Janice Mac Avoy makes a lot of assumptions about what her life would have been like if she had not aborted her first child.
“If I had been forced to raise a child 35 years ago, I could not have put myself through college and Columbia Law School. I could not have gotten a job at a prestigious law firm and risen through the ranks to become a partner. I would not have met my husband and given birth to two amazing children in my late 30s when I was financially and emotionally ready to raise them,” The Washington Post columnist wrote Monday.
Mac Avoy said she grew up in a poor home where women for three generations before her had become pregnant before age 18. Mac Avoy said she was determined to break the cycle of poverty and teen pregnancy. She worked hard, won a college scholarship and set a goal to become a lawyer. But just before she graduate from high school (the first in her family), she learned that she was pregnant. She had a friend drive her to a Planned Parenthood where she aborted her unborn baby.
After 35 years, Mac Avoy said she has never regretted her abortion. She recently became one of a group of abortion activists who submitted their abortion stories to the U.S. Supreme Court. The group of 113 pro-abortion lawyers is asking the high court to strike down a Texas law credited with saving more than 10,000 unborn babies.
“To the world, I am an attorney who had an abortion, and, to myself, I am an attorney because I had an abortion,” Mac Avoy wrote in the brief to the Supreme Court. She said her 17-year-old daughter and 83-year-old mother-in-law encouraged her to tell her abortion story.
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The Supreme Court announced in November that it will hear the lawsuit brought by abortion businesses against the law, which is responsible for closing abortion clinics that could not guarantee they could protect the health of Texas women. The case will be heard by the nine justices on March 2, and a ruling is expected by the end of June.
“It is critical that we share with the court what abortion means to us: the ability to break the cycle of poverty and teenage motherhood, to escape abusive relationships, to achieve higher education and to preserve our health,” Mac Avoy wrote.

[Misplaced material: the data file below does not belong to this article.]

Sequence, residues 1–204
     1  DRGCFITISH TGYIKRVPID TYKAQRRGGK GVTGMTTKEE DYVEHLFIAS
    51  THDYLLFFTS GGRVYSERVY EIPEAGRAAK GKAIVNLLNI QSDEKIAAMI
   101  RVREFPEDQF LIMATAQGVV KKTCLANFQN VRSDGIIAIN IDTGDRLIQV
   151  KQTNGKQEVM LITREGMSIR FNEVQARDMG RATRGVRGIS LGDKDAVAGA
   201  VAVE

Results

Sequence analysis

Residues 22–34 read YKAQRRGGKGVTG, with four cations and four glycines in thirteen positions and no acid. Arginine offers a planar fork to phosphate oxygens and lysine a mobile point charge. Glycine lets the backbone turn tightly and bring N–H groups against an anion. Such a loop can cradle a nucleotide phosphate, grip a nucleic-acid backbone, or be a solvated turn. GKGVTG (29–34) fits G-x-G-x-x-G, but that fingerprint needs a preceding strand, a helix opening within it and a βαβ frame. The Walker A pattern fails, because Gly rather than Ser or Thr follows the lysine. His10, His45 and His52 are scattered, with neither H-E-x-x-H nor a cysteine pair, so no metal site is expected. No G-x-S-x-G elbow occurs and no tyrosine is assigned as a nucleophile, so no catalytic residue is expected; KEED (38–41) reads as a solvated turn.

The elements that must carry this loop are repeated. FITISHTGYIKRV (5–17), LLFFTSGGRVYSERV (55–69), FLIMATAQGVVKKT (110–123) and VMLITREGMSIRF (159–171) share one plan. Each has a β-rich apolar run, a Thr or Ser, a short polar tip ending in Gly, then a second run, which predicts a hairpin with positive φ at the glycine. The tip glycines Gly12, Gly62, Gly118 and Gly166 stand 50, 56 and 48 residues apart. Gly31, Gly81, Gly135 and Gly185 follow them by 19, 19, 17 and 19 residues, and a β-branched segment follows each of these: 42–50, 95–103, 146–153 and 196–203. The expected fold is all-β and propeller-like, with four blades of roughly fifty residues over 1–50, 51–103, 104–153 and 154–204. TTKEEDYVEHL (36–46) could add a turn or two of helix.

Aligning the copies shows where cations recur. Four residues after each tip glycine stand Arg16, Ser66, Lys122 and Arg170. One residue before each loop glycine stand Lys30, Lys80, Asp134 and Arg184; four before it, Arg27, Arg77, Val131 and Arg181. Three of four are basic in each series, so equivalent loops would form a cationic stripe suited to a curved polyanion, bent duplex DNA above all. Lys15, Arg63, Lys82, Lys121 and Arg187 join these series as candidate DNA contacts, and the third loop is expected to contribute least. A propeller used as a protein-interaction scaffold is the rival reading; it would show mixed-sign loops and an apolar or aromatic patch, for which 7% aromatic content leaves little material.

Except, pro-lifers argue, that those situations can be solved without killing an unborn baby. Pro-lifers argue that abortion advocates limit women and their strength when they claim that women need to abort their unborn child to achieve their goals. They point to many women who have chosen life for their unborn babies and overcome obstacles.
In the Texas law case, pro-life groups say the abortion industry has money, not women’s interests, at heart. The law helps women and their unborn babies by requiring abortion facilities to meet basic health and safety standards.
“The abortion industry doesn’t like these laws because abortion clinics would be forced to spend money to meet basic health and safety standards” said Carol Tobias, president of National Right to Life. “For them, this isn’t about ‘protecting’ the women they purport to help, it’s about preserving their cash flow.”
“If an abortionist closes up because he can’t meet these most basic medical standards, that’s a good thing for the mothers who would be targeted and the unborn children who would be killed,” said Tobias.
The legislation, House Bill 2 (HB2), requires abortion facilities to meet the same safety standards of other Ambulatory Surgical Centers in the state, ensures that abortionists have admitting privileges at a local hospital, and bans painful late abortions on fully formed babies. The admitting privileges portion of the law was the portion responsible for closing abortion clinics and, because so many shut down or stopped doing abortions, abortion advocates claimed that constituted an undue burden on women.
Texas Right to Life emailed LifeNews more about what the high court will do when it reviews the pro-life law.
“In considering HB 2, SCOTUS will consider the vague notion of ‘undue burden’ as originally addressed in the Court’s 1992 ruling in Planned Parenthood v. Casey. For over two decades, this nebulous standard has been used to dismantle Pro-Life legislation, and – although SCOTUS’ deference to the Fifth Circuit’s earlier ruling would have been a victory for HB 2 – the Pro-Life movement at large would welcome clarification of the tenuous “undue burden” standard,” it said.
“In their petition, CRR argued that HB 2 is at odds with the state’s interest to promote health since abortion mills have closed as a result of non-compliance with the increased safety standards set forth in HB 2,” Texas Right to Life added.